Bookmark   April 4, 2013 at 2:15PM
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renovator8

LVL's would have the additional advantage of not shrinking. I recommend avoiding the use of new dimensioned lumber (2x's) in an old structure.

    Bookmark   April 8, 2013 at 8:31AM
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brickeyee

"LVL's would certainly be stronger than the original joists and if the original joists cannot rest on the end supports they're not going to add much strength to the new joists."

That sort of depends on what problem you are trying to solve.

If you sister 2x6 to 2x6 you have doubled the stiffness.
The floor would not be as likely to feel 'springy' unless it is already so over-spaned the short single sections at the end cannot take the load.

I have put a lot of 1.25 inch wide #10 steel straps on the bottom of joists to stiffen them.
Done correctly it is like adding a railroad tie to the bottom of the joist.
Needles to say, the straps do not have to extend to bearing surfaces since that is not how they function.

    Bookmark   April 8, 2013 at 2:54PM
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renovator8

I must have misunderstood the OP. I thought the 2x6 joists were water rotted and/or damaged by termites at the ends where the joists lay on the 2x4 sills and that the sills had rotted too. That doesn't sound like anything worth reinforcing; it sounds more like it requires new joists.

Without an accurate description of the existing conditions it isn't really possible to offer useful solutions.

    Bookmark   April 8, 2013 at 6:37PM
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tjdabomb

"I have put a lot of 1.25 inch wide #10 steel straps on the bottom of joists to stiffen them. "

Brickey - where are such straps to be found?

    Bookmark   April 11, 2013 at 3:17AM
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millworkman

Welding shop / steel supply should have these with no issues.

    Bookmark   April 11, 2013 at 8:09AM
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brickeyee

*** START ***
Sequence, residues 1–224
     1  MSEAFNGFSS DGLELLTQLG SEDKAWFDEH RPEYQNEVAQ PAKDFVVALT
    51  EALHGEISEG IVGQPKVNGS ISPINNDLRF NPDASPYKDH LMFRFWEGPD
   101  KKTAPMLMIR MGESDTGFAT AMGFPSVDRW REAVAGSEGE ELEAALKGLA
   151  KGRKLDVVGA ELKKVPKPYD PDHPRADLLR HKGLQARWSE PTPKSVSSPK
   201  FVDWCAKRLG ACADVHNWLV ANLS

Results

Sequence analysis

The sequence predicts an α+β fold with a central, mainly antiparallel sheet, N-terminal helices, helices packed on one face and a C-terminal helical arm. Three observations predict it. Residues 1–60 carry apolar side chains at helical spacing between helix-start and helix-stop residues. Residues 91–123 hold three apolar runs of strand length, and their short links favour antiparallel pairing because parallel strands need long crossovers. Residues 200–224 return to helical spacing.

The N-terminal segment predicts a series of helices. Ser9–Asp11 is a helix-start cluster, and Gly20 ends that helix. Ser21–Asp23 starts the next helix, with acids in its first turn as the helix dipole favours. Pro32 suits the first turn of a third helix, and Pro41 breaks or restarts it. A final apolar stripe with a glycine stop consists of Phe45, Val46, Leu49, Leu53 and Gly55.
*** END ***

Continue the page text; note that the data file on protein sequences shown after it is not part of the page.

Sheet metal fabricators can usually handle stuff that thick.

Or you may need an actual steel yard.

    Bookmark   April 11, 2013 at 1:12PM
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tjdabomb

For maximum stiffness, would one install the straps on the underside of a joist from sill to sill or from the centerline of the joist run half way to the sill in either direction of the centerline?

    Bookmark   April 12, 2013 at 1:43AM
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brickeyee

The longer the better.

You are making a composite beam with the wood and the metal strap.

The holes for the screws in the metal need to be tightly matched to the screw shank diameter.

A slight interference fit (a few thousandths of an inch) is actually better than a clearance fit.

For the joist to sag the bottom surface must get longer as it flexes to a curve.

The steel and screws prevents that from happening, but only if the slightest movement is transferred to the steel immediately.

It is more effective than a plain flitch beam with metal attached to the side of the joist.

Flitch beams have the same issue with hole clearance on the fasteners, and add buckling of the steel away from the joist to the issue.
One of the reasons a classic flitch beam sandwiches the metal between two joists.

The fasteners than go all the way though both joists and the steel between them, limiting chances of buckling even with relatively thin metal (and the double joist immediately adds more stiffness).

The flitch can be a PITA for wiring and plumbing though.

It is much harder to drill through the typically hardened steel plate often used for the metal.

This post was edited by brickeyee on Sat, Apr 13, 13 at 14:39

    Bookmark   April 12, 2013 at 12:36PM